“Management is doing things right; leadership is doing the right things.” Peter Drucker



  8. #8
    Join Date
    Mar. 26, 2011
    Location
    Pennsylvania
    Posts
    5,319

    Default

    It's too bad really, because on the other side are people who are looking for horses. We just don't have a riderless horse/horseless rider clearing house of information.

    Paula
    He is total garbage! Quick! Hide him on my trailer (Petstorejunkie).



  9. #9
    Join Date
    Oct. 14, 2010
    Location
    Lakeland, FL
    Posts
    203

    Default

    There is also the crowd who will not `give` them away, even if they could.
    "Gypsy gold does not chink and glitter, it gleams in the sun and neighs in the dark"



  10. #10
    Join Date
    Jun. 27, 2009
    Location
    So Cal
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    811

    Default

    Quote Originally Posted by mroades View Post
    the costs of keeping a horse has gotten beyond the capabilities of the average american. I know it has for me. When half of your money goes in your gas tank, and your house is worth half what you mortgaged it for, horses get dumped.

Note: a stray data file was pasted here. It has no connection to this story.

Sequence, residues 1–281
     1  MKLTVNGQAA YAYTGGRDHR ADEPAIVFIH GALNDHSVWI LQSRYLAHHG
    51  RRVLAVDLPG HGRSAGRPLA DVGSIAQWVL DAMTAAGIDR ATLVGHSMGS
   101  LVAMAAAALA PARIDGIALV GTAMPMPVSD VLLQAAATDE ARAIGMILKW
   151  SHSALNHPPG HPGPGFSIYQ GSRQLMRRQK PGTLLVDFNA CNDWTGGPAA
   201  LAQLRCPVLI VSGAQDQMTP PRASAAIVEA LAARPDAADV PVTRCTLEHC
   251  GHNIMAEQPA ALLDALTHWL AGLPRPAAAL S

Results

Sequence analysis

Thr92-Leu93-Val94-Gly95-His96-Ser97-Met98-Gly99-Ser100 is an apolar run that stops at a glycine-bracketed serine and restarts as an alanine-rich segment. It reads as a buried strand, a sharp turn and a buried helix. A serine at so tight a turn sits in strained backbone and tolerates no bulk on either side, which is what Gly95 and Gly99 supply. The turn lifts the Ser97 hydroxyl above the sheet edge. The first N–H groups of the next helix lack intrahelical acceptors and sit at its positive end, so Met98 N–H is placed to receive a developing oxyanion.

Too true. I reduced my herd by half, from six to three in Sept. (good homes, not auction) and my salary increased. I haven't bought anything extra and still can't put anything into savings. Got word this week that my truck needs a $3000 tranny job, so won't be hauling anywhere this summer. The horses will never be "dumped", but times are tough.

    And I do think a lot of folks should stop breeding as well. Folks call us at least twice a month and ask us to take/find a home for their horse
    "And I will be an embarrassment to all
    Who have not found the peace in being free